Are Google’s Search Techniques affecting newcomers?

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Google, the world’s most popular search engine is in fact known best for their search techniques and algorithms. In their article, “An explanation of our search results” Google clearly writes,

A site’s ranking in Google’s search results relies heavily on computer algorithms using thousands of factors to calculate a page’s relevance to a given query.

One of the many factors that Google uses is PageRank. By the PageRank algorithm Google ranks individual pages of a website. Also, how good a page is ranked by Google depends greatly on how well a page is linked with other websites. For instance, a link to a particular website A mentioned on another website B, which is already high-ranking, results in website A to become high-ranking too.

But pages from newer websites with no links in other places on the internet start with a PageRank of 0/10. So, a post by a higher-ranking popular or moderately popular website is often listed higher compared to a post from a new website. This is only logical since a popular or moderately popular website is certainly more reputed than a website which is new. However, the moderately popular websites sometimes take advantage of the situation by copying content from one of these emerging sites and publishing the same in their own, which results in their site-link to be listed above the new website in which the post was originally published.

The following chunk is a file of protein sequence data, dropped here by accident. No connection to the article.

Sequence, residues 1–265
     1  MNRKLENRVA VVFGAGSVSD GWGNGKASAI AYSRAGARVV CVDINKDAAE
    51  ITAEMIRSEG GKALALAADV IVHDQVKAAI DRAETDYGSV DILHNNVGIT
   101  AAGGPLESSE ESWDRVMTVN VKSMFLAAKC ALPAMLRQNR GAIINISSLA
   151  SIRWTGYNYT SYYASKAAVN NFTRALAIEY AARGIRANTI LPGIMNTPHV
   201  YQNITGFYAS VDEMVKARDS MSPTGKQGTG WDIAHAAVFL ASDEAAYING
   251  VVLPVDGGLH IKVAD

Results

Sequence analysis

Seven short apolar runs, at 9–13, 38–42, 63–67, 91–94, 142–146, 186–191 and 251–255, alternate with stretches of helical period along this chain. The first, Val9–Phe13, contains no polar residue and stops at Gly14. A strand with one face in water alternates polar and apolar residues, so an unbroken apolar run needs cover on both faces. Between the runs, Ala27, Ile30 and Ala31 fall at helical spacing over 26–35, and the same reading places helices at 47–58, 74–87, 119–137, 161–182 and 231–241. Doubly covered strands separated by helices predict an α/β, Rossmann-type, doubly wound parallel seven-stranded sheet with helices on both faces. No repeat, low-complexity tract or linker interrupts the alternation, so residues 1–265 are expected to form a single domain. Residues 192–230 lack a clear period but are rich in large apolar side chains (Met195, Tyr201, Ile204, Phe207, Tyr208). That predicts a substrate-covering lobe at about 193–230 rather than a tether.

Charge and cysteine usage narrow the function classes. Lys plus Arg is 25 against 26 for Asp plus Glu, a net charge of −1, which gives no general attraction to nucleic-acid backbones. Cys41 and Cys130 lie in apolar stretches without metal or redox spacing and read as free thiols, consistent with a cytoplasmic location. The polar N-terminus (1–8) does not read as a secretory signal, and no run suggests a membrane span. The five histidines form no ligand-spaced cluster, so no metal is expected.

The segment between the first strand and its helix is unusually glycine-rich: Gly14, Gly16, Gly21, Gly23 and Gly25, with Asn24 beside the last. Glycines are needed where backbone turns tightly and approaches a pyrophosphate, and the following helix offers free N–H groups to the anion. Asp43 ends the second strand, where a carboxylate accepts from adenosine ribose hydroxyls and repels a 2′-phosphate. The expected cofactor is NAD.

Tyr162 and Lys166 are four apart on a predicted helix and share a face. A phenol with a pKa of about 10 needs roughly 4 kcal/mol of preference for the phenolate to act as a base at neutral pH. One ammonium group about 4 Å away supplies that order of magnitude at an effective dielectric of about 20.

Unfortunately, one of our own articles, “Use/show large images on Facebook chat(and perhaps more, who knows?) was found published in another website today. Initially, Google results for the query “Show large images on Facebook chat” did list our site-link on top of the other website but gradually their site-link made it to the top for the same query.

We made a report in the Google forum regarding this. Minutes later, a contributor from the support team replied to us with the words,

This could only happen because Google deems your site to be of very low importance and almost no value. A good site won’t suffer from scrapers.

Such type of comments from contributors (those who are not associated with Google officially) often impart false impression that Google offers little or no scope for newcomers to popularise themselves enough, and some eager webmasters might even lose their interest,  because other more popular websites can easily copy content from the new less popular sites and attract more visitors. Also Google’s search algorithms would place their content ranked higher than the new sites only because their website is more popular.

We are not against Google, and we do understand the complexity involved in improving search algorithms. But after all its Google, and we as Google users, do expect more from them. It would certainly be a wonderful job if the Google Team could look into this serious issue and provide  search better results in future.

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  • SunseriClisham

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